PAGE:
Careful Assessment for Depression Required for Patients With IBD

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People with depression and IBD are more likely to experience a lower quality of life.
People with depression and IBD are more likely to experience a lower quality of life.

Baseline depression increases the risk for a more aggressive course in patients with inflammatory bowel disease (IBD), according to a study published in The American Journal of Gastroenterology. The study results also suggest that a single question is not sufficient to establish whether a patient has depression and that providers should consider administering a patient health questionnaire (PHQ-8) to better assess the patient's status.

Researchers from the Center for Gastrointestinal Biology and Disease, University of North Carolina, Chapel Hill, and from the Division of Gastroenterology and Hepatology at the Mayo Clinic in Rochester, Minnesota, used data from a prospective observational cohort of patients with IBD to assess methods for diagnosing depression and the effects of baseline depression on disease activity at follow-up. They included 2798 people with Crohn's disease and 1516 people with ulcerative colitis.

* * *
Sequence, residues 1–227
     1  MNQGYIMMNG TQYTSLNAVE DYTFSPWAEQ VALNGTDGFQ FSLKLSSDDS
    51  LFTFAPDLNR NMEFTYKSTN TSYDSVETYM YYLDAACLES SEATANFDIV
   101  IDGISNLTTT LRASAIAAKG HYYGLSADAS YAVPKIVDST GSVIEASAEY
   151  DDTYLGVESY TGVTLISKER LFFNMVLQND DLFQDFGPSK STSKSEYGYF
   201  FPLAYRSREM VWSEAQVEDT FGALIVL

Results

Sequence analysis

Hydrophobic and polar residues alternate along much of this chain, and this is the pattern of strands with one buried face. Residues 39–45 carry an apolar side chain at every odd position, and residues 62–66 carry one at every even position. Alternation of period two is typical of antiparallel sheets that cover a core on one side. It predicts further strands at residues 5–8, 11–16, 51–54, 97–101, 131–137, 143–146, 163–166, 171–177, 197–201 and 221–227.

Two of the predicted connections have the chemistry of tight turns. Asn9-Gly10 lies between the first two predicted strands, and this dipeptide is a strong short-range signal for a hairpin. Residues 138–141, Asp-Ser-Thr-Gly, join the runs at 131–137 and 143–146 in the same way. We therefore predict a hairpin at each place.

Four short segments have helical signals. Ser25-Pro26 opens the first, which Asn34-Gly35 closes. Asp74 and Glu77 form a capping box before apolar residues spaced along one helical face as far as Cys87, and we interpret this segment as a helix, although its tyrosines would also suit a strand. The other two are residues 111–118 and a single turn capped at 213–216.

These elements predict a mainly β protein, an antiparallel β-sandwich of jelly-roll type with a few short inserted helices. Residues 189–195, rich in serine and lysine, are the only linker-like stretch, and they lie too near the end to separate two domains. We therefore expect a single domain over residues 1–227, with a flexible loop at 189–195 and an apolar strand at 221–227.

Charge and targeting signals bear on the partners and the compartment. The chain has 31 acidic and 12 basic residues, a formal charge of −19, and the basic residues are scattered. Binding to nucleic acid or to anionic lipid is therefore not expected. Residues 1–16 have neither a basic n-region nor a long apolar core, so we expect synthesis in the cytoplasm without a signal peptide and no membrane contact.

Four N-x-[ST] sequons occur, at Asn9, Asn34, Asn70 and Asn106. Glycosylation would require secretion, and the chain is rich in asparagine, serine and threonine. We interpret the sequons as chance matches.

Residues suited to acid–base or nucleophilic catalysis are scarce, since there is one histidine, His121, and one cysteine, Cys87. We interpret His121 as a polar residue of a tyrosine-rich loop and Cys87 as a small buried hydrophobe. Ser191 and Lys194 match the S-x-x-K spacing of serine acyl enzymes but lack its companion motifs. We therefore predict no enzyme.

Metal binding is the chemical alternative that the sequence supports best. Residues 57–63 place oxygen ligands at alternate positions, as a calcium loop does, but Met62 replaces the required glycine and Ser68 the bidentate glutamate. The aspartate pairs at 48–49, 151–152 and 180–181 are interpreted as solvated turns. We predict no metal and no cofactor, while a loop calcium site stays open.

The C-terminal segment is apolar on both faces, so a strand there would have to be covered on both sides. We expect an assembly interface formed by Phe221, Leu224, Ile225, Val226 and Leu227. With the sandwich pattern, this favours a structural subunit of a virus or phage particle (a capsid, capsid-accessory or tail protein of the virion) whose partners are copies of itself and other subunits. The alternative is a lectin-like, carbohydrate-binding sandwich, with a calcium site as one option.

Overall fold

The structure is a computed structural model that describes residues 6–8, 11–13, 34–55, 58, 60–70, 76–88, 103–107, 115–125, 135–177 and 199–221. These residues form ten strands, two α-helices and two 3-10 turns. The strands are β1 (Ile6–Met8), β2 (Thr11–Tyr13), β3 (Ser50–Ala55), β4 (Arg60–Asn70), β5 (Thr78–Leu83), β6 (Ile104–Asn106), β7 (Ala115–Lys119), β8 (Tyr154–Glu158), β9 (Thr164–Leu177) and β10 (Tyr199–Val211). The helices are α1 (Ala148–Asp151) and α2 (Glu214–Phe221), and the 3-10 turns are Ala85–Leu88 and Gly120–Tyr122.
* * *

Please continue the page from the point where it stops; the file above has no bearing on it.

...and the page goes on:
At baseline, disease was in remission in 64% of those with Crohn's disease and in 45% of those with ulcerative colitis. As assessed by self-report, 20% of patients with Crohn's disease and 14% of patients with ulcerative colitis were depressed. Use of the PHQ-8 identified much higher levels of depression, with 38% of those with Crohn's disease and 32% of those with ulcerative colitis having scores that indicated depression (P <.01). Overall, depression within the cohort was identified at 36% by the PHQ-8 scale.

After adjusting for gender, remission, and disease activity, patients with Crohn's disease with baseline depression had an increased risk for disease relapse (adjusted risk ratio [RR]: 2.3; 95% CI, 1.9-2.8), surgery, or hospitalization (RR: 1.3; 95% CI, 1.1-1.6) at follow-up. Patients with ulcerative colitis had an RR of 1.3 for relapse and an RR of 1.3 for surgery or hospitalization (95% CI, 0.9-1.7 and 1.1-1.5, respectively). 

Limitations of the study included the lack of objective data, such as inflammatory markers or endoscopic scale of disease activity, lack of data on all comorbidities, and that all patients were treated at tertiary care centers in the United States, thus limiting the generalizability of the results.

The authors contend that the PHQ-8 is better at detecting moderate to severe depression than simply asking patients whether they are depressed. Furthermore, given the correlation between depression and worsening IBD disease activity, the authors suggest that assessing depression accurately is critical to the care of these patients.

Disclosures: Dr Long reports relationships with Abbvie, Takeda, and Theravance.


Kochar B, Barnes EL, Long MD, et al. Depression is associated with more aggressive inflammatory bowel disease [published online November 14, 2017]. Am J Gastroenterol. doi: 10.1038/ajg.2017.423

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